Tuesday, February 3, 2009

Spring is on its way!

In Minnesota, winter is a long hard season. We usually don’t start thinking about spring until the lakes unfreeze and fishing season begins – that’s May those unfamiliar with the territory.

But this year, Spring of a different nature arrives early. The Spring I am speaking of is the Spring Framework. Spring Framework 3.0 Milestone 1 is out (download it here), arriving in December ’08 with the final release expected… no pun intended… this spring. Major additions and changes include: requiring Java 5 and J2EE 1.4, support for RESTful Web Services, the introduction of Spring expression language (EL). To learn more about Spring 3.0, I point you to the blog and web site of the experts.

However, what I found very interesting about Spring 3.0 can be found in the Spring MVC module. In Spring 2.5, the Spring MVC framework adopted annotation-based controllers as an alternative to the large hierarchy of Spring MVC controller classes (see diagram below).

In fact, these annotation-based controllers were just one of many “stereotype” annotations. Components with stereotype annotations (let’s call the stereotypical components) are meant to clearly identify the components serving in each role of the application – especially as it relates to the model-view-controller rolled environment. The drive behind stereotypical components is that these classes do not have to extend any base class or reference a Spring, Servlet, or other API. One thing about the Spring Framework – it has always embraced loose coupling!

With the Spring Framework 3.0, I was surprised to find that the intent of the Spring project team is to take this shift in design to the next level – and to do it NOW. The MVC controller hierarchy that many in the Spring development community have become familiar with (and embraced over Struts or JSF in many cases) is being deprecated in favor of the new annotation/stereotypical model. Read the following quote from Rod Johnson (Spring founder, project lead and CEO of Spring Source) from an interview with InfoQ on Jan 22nd.

In Spring framework 3.0 there will be a number of deprecations, for example, the old MVC controller hierarchy. We view the Annotation based Spring MVC usage model that we introduced in Spring 2.5 is being a far superior replacement. That will be deprecated in Spring framework 3.0 and in the next version, whether it's 3.1 or 4.0, those classes will be removed. We don't approach deprecation the way some seem to approach deprecation, which is "Let's put a message into it" that will take years when they compile a code. Our view on deprecation is that it is a serious statement of intent. If we deprecate something we are saying "Hey, guys, it's time to think getting off this because we don't think it's a good usage model anymore." There will certainly be a bit of - if you like - Spring cleaning in the next release after Spring 3.0. Probably the most obvious part will be the Spring MVC controller hierarchy.

I applaud the Spring team for its position on deprecation. On every project I have been on, it seems there is at least one consultation with a novice developer about why using many of the java.util.Date methods is a bad idea. While Sun deals with a different extent of concerns and legacy support, I often wonder when, if ever, we’ll see Java deprecated classes and methods leave the JDK.

However, I am anxious to see how the Spring community embraces this large change. A lot of applications have been built with Spring MVC. In large enterprise applications that have embraced Spring MVC, the “spring cleaning” may not be easily accomplished. Many of us have seen development shops stop upgrading a framework environment because of backward compatibility issues. In corporate environments, there is usually little appetite (read money) for upgrading frameworks and addressing backward compatibility issues. It can push an application under the label “legacy” too quickly.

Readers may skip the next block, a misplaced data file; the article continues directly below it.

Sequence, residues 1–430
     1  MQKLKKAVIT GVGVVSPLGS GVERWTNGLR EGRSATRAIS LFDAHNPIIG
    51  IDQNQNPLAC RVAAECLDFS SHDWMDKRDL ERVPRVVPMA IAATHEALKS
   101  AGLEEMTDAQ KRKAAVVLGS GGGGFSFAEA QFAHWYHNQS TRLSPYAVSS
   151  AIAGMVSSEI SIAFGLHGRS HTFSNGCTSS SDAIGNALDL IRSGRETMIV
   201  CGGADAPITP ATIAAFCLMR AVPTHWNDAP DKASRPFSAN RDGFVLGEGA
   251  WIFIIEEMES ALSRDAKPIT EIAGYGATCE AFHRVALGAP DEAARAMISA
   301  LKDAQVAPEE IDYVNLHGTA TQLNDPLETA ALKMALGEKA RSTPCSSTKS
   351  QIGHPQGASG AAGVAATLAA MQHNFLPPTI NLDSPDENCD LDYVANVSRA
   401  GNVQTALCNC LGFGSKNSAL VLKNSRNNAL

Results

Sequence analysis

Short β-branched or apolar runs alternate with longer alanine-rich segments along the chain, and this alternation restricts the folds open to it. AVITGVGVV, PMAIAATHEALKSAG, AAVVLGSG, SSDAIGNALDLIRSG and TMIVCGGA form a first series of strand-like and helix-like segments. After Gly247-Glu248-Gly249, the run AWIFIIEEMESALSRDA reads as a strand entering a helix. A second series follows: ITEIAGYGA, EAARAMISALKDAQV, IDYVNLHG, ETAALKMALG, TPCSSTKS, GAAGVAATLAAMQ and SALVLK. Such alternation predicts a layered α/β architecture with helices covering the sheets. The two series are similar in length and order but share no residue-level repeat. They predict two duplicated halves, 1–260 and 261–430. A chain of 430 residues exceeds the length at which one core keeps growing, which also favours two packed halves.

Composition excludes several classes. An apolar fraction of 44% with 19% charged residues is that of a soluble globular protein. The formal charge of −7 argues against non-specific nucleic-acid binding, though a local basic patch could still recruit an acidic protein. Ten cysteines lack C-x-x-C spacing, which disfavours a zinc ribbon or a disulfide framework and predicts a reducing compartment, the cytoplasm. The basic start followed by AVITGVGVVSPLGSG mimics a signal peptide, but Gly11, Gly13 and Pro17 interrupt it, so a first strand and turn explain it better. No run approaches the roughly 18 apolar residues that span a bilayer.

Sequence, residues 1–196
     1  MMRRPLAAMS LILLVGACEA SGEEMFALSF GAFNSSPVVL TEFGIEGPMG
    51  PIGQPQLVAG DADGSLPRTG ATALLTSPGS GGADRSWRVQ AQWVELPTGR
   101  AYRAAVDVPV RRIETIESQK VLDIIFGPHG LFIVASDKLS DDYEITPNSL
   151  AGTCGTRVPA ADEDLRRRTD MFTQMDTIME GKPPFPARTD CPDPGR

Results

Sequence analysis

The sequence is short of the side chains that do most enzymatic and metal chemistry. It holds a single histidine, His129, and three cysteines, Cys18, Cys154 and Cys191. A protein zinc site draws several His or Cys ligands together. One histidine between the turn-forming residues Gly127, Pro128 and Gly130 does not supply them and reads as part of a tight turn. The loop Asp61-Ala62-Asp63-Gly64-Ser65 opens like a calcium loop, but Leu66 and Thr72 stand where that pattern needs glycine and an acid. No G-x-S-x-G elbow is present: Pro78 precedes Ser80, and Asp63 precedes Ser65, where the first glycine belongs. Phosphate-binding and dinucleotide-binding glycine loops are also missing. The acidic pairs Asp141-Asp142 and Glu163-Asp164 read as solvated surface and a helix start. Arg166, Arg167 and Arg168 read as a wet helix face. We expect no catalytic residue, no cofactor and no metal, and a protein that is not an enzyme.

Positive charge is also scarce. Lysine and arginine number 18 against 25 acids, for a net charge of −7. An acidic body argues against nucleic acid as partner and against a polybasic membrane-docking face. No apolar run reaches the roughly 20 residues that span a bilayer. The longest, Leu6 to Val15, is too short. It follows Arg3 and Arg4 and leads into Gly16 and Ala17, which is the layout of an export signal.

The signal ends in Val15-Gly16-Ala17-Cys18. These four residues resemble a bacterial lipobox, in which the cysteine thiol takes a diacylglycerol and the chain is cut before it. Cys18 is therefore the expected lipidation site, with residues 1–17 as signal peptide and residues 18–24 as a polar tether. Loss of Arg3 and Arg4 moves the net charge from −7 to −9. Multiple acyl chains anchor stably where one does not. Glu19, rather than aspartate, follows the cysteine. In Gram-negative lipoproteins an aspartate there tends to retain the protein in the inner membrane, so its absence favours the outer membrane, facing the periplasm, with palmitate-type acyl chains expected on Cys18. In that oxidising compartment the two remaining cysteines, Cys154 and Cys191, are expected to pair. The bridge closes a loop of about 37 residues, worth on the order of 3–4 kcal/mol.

And while the entire Java community is embracing annotations as a gift from above, I often wonder if application architects and lead developers have stopped to examine potential hazards of them as well. Mike Keith posted an excellent exploration of some of the general pros/cons regarding annotations that all should take a look at. Dave Minter and Jeff Linwood have also addressed some of the pros and cons as they relate to Hibernate’s use of annotations in their book Beginning Hibernate. Although these articles may be somewhat dated and not commenting on Spring annotations, architects and developers would benefit from a quick glance to see if some arguments (and potential issues) apply to their Spring world?

Before someone takes this posting as a diatribe against Spring, Spring MVC or annotations, allow me to caveat. As a 20 year veteran of software development and as educator of those entering our ranks, I have taken the view that it is the responsibility of any developer to inspect all sides of a software problem and solution. As I tell my students, there is no free lunch in software engineering. There are always pros and cons (I joke that those that do not believe or understand that are called sales people or consultants). An understanding of those sides is critical to success in our business. In the case of Spring MVC annotations, there is a lot on the pro side as well; ...did I mention the loose coupling?

So, what’s your take? Will the Spring stereotype model and MVC annotations help your world? If so why? If not, again why? I welcome your thoughts and comments.

If you are looking at Spring and want to learn more, I encourage you to join me in the classroom for our Complete Spring class.

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